Origin: Common extensor tendon (lateral epicondyle), ulna
Insertion: 5th metacarpal
Artery: Ulnar artery
Nerve: Posterior interosseous nerve (C7, C8)
Action: Extends and adductsthe wrist
Antagonist: Flexor carpi ulnaris
The Extensor carpi ulnaris lies on the ulnar side of the forearm. It arises from the lateral epicondyle of the humerus, by the common tendon; by an aponeurosis from the dorsal border of the ulna in common with the Flexor carpi ulnaris and the Flexor digitorum profundus; and from the deep fascia of the forearm. It ends in a tendon, which runs in a groove between the head and the styloid process of the ulna, passing through a separate compartment of the dorsal carpal ligament, and is inserted into the prominent tubercle on the ulnar side of the base of the fifth metacarpal bone.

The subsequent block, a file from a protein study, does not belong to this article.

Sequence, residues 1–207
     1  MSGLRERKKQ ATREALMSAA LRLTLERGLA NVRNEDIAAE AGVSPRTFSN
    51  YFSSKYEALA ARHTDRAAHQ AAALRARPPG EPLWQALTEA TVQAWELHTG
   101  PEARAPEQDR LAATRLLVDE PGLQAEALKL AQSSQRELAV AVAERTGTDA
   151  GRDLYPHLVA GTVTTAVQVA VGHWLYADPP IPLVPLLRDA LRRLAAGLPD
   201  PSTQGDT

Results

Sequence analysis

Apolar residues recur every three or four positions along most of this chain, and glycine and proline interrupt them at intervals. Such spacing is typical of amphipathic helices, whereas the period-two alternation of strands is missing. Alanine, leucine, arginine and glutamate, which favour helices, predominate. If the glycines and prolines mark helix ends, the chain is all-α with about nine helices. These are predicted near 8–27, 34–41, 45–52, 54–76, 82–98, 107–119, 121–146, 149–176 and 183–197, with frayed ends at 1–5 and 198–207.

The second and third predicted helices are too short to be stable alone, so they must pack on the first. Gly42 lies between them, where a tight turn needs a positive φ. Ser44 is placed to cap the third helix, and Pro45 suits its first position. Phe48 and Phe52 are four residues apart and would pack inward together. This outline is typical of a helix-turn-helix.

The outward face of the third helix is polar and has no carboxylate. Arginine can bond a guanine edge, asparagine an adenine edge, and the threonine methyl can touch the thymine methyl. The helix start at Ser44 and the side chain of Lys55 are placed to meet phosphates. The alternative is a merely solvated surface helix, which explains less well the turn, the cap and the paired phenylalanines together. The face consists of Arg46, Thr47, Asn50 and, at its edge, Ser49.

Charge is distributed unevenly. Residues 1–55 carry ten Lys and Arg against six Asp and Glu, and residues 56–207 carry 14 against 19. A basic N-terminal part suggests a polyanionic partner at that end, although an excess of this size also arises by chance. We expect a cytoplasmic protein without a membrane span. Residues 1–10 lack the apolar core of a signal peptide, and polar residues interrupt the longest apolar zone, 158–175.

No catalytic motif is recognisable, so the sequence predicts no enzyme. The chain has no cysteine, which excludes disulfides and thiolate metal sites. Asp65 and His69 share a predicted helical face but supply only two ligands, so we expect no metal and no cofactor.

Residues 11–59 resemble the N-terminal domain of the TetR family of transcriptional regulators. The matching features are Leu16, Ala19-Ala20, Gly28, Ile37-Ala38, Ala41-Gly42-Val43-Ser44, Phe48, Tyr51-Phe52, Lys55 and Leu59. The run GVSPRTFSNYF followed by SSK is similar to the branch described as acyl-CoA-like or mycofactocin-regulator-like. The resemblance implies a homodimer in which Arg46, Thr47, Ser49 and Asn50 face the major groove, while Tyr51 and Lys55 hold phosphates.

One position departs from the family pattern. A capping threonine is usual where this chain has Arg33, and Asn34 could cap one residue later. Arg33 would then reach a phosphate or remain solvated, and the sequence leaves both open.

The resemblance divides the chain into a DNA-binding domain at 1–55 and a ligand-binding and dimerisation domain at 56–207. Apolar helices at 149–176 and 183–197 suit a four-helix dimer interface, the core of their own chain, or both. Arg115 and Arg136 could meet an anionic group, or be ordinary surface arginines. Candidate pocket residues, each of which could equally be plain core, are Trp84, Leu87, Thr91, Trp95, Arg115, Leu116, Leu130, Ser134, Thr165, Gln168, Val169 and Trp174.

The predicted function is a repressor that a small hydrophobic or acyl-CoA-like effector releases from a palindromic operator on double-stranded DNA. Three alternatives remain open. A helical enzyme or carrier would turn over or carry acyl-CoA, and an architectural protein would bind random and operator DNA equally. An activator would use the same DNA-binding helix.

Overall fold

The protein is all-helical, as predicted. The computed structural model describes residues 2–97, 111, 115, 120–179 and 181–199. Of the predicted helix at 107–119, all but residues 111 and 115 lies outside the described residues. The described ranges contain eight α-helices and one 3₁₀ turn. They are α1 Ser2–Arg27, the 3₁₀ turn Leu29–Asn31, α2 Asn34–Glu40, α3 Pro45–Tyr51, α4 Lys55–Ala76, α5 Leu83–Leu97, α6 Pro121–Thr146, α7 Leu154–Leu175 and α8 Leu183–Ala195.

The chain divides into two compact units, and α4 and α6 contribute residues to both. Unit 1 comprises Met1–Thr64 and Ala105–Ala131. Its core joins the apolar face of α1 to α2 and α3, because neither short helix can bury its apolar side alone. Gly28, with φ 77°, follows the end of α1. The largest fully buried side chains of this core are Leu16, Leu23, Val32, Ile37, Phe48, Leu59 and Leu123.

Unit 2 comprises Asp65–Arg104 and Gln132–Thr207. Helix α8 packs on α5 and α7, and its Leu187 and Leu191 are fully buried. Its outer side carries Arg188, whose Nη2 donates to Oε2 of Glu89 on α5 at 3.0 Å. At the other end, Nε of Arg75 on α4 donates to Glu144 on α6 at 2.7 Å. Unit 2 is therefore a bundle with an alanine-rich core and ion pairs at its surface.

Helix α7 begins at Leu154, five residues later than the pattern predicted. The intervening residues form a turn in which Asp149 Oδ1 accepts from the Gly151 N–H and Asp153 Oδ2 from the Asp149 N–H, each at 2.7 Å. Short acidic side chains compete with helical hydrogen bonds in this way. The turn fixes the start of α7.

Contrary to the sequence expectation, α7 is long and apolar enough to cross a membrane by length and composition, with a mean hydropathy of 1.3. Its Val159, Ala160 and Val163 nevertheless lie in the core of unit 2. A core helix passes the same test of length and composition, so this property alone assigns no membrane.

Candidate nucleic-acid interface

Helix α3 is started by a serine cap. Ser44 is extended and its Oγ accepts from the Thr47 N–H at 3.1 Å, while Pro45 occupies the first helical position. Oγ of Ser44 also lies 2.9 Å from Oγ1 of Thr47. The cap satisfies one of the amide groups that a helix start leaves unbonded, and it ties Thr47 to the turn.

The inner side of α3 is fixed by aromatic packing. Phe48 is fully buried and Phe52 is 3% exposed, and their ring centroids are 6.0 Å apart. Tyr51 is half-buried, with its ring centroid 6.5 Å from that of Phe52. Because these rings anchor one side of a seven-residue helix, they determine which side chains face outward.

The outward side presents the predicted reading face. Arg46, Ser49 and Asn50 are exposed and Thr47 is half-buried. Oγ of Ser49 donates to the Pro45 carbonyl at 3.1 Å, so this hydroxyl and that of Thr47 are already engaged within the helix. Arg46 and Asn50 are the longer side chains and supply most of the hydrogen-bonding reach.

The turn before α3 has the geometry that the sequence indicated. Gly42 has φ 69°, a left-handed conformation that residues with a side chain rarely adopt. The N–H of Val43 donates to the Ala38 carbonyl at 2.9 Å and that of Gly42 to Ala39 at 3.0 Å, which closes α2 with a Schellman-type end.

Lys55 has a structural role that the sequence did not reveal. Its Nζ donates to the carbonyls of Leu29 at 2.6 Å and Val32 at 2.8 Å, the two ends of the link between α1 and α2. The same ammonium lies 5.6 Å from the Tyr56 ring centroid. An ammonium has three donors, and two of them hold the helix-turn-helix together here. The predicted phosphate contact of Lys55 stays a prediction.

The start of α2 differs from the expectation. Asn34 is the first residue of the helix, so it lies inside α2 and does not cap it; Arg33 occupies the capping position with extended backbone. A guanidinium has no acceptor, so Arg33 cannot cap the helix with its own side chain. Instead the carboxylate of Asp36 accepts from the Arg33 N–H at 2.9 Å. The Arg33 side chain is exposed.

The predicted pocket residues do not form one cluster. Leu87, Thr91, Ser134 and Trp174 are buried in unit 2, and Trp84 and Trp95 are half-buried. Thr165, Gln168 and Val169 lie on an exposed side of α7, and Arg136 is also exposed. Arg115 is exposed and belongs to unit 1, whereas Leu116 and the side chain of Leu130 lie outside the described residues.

Variations.—Doubling; reduction to tendinous band; insertion partially into fourth metacarpal. In many cases (52 per cent.) a slip is continued from the insertion of the tendon anteriorly over the Opponens digiti quinti, to the fascia covering that muscle, the metacarpal bone, the capsule of the metacarpophalangeal articulation, or the first phalanx of the little finger. This slip may be replaced by a muscular fasciculus arising from or near the pisiform.